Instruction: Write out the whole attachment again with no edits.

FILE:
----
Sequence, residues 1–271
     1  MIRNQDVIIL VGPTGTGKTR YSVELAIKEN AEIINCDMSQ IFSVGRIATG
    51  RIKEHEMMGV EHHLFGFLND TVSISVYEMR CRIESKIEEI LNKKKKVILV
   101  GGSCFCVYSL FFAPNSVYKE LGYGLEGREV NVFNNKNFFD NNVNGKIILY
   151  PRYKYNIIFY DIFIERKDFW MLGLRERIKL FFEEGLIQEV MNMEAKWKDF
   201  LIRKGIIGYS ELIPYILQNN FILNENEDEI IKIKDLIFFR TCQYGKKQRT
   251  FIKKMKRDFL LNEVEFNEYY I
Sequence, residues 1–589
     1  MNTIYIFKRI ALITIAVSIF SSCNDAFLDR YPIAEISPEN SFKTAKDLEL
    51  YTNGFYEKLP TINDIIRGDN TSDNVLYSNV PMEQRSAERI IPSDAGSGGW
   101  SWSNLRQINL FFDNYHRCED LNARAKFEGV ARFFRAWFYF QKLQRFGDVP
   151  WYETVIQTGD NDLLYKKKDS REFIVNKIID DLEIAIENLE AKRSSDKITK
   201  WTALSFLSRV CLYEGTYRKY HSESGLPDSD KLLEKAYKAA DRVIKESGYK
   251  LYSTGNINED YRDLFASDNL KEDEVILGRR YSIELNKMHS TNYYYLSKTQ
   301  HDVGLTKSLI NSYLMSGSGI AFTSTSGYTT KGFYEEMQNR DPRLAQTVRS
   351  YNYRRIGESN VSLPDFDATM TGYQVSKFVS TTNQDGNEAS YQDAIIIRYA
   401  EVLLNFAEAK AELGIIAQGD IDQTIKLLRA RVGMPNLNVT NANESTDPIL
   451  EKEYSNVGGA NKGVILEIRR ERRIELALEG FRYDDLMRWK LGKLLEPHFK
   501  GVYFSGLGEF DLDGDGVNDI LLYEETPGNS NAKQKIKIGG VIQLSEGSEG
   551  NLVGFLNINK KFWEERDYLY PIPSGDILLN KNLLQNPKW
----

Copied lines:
Sequence, residues 1–271
     1  MIRNQDVIIL VGPTGTGKTR YSVELAIKEN AEIINCDMSQ IFSVGRIATG
    51  RIKEHEMMGV EHHLFGFLND TVSISVYEMR CRIESKIEEI LNKKKKVILV
   101  GGSCFCVYSL FFAPNSVYKE LGYGLEGREV NVFNNKNFFD NNVNGKIILY
   151  PRYKYNIIFY DIFIERKDFW MLGLRERIKL FFEEGLIQEV MNMEAKWKDF
   201  LIRKGIIGYS ELIPYILQNN FILNENEDEI IKIKDLIFFR TCQYGKKQRT
   251  FIKKMKRDFL LNEVEFNEYY I
Sequence, residues 1–589
     1  MNTIYIFKRI ALITIAVSIF SSCNDAFLDR YPIAEISPEN SFKTAKDLEL
    51  YTNGFYEKLP TINDIIRGDN TSDNVLYSNV PMEQRSAERI IPSDAGSGGW
   101  SWSNLRQINL FFDNYHRCED LNARAKFEGV ARFFRAWFYF QKLQRFGDVP
   151  WYETVIQTGD NDLLYKKKDS REFIVNKIID DLEIAIENLE AKRSSDKITK
   201  WTALSFLSRV CLYEGTYRKY HSESGLPDSD KLLEKAYKAA DRVIKESGYK
   251  LYSTGNINED YRDLFASDNL KEDEVILGRR YSIELNKMHS TNYYYLSKTQ
   301  HDVGLTKSLI NSYLMSGSGI AFTSTSGYTT KGFYEEMQNR DPRLAQTVRS
   351  YNYRRIGESN VSLPDFDATM TGYQVSKFVS TTNQDGNEAS YQDAIIIRYA
   401  EVLLNFAEAK AELGIIAQGD IDQTIKLLRA RVGMPNLNVT NANESTDPIL
   451  EKEYSNVGGA NKGVILEIRR ERRIELALEG FRYDDLMRWK LGKLLEPHFK
   501  GVYFSGLGEF DLDGDGVNDI LLYEETPGNS NAKQKIKIGG VIQLSEGSEG
   551  NLVGFLNINK KFWEERDYLY PIPSGDILLN KNLLQNPKW